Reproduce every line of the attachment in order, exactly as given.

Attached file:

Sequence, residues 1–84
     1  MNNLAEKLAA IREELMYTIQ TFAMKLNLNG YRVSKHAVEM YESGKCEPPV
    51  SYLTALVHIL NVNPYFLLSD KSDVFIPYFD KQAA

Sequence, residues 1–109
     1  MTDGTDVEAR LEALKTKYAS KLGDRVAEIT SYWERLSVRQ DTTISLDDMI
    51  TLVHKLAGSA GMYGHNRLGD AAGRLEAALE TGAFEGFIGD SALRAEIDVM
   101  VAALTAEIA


Sequence, residues 1–84
     1  MNNLAEKLAA IREELMYTIQ TFAMKLNLNG YRVSKHAVEM YESGKCEPPV
    51  SYLTALVHIL NVNPYFLLSD KSDVFIPYFD KQAA

Sequence, residues 1–109
     1  MTDGTDVEAR LEALKTKYAS KLGDRVAEIT SYWERLSVRQ DTTISLDDMI
    51  TLVHKLAGSA GMYGHNRLGD AAGRLEAALE TGAFEGFIGD SALRAEIDVM
   101  VAALTAEIA